To test our algorithm, the administration gave us a batch of sample messages. They included official business, such as a debate about a public scandal in which an official traveled by federal helicopter to play golf, and less official business, such as a private love note between two staff members. We ran our algorithm and crossed our fingers.
The results were abysmal. Even after significant tweaking, I don’t recall achieving more than a 70 percent success rate, which is particularly poor when you consider that random sorting would yield 50 percent if the distribution were even. IMC ultimately scrapped our troubled sorting project in favor of a feature that allowed users to manually flag messages that should not be archived.
Our problem was that natural language — the way people ordinarily speak and write — is notoriously difficult to parse. To make sense of natural language, it’s not sufficient to recognize the words; you also need to understand grammar, appreciate nuance, interpret metaphors, grasp allusions, infer from context, and even have a sense of humor. Right now, only humans can do that reliably.
Machine learning has made great strides in the past few years. With enough training, an advanced natural-language processor would be able to sort Hillary Clinton’s emails much more effectively than the simple keyword approach that my colleagues and I devised. But Clinton’s press statement offers no indication that her team employed such technology. On the contrary, her account of the process sounds remarkably like the name and keyword filters that we tried in the 1990s:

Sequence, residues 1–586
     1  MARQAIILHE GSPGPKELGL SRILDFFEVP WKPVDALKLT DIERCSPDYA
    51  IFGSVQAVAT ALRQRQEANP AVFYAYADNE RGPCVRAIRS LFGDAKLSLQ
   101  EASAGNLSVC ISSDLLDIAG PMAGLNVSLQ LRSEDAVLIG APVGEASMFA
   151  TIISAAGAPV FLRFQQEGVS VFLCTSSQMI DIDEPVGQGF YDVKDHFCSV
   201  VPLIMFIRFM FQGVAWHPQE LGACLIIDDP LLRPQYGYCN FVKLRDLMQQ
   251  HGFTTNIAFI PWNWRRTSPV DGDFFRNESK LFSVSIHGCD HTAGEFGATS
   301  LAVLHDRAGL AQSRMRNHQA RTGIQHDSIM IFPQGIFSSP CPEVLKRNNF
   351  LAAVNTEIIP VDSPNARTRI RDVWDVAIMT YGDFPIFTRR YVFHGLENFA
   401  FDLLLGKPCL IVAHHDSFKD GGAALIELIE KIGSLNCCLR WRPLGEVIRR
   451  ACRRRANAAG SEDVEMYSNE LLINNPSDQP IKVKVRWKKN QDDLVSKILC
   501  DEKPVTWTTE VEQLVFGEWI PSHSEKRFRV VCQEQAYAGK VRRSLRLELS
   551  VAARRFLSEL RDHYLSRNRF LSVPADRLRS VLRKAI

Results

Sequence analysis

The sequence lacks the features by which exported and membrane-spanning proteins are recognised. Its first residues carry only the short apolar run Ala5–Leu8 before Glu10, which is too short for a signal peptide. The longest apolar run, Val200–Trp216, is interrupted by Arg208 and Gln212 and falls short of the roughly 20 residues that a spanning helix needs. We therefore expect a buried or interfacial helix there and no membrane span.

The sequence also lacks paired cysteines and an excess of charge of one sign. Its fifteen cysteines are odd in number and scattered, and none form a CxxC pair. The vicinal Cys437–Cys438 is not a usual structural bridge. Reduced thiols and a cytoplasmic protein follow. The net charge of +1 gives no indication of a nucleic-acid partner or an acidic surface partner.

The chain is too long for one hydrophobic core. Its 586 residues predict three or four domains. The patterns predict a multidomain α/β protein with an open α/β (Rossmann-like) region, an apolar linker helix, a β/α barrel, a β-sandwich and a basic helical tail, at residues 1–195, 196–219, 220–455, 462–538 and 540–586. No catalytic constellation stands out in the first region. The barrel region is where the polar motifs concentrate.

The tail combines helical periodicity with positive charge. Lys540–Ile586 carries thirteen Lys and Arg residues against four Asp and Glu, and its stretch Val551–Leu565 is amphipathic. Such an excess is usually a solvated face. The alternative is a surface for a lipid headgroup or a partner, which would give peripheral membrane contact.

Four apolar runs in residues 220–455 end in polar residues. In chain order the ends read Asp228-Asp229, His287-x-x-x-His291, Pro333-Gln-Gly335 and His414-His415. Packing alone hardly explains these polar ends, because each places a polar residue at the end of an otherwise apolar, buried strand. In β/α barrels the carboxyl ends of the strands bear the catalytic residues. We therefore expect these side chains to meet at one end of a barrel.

To help identify any potential non-“.gov “correspondence that should be included, a search of first and last names of more than 100 State Department and other US government officials was performed … Next, to account for non-obvious or non-recognizable email addresses or misspellings or other idiosyncrasies, the emails were sorted and reviewed both by sender and recipient. Lastly, a number of terms were specifically searched for, including: “Benghazi” and “Libya.”
It’s possible that Clinton’s team used more advanced techniques than described in the statement. Or perhaps her team included technical wizards who designed a flawless keyword search. If so, she should release technical documentation of the search algorithm, the test procedure, and the test results — assuming they tested it. Without that information, we have no basis for sharing Hillary Clinton’s “absolute confidence” that the State Department has received all her work-related email communication.
Michael Wolraich is the author of Unreasonable Men: Theodore Roosevelt and the Republican Rebels Who Created Progressive Politics (Palgrave Macmillan).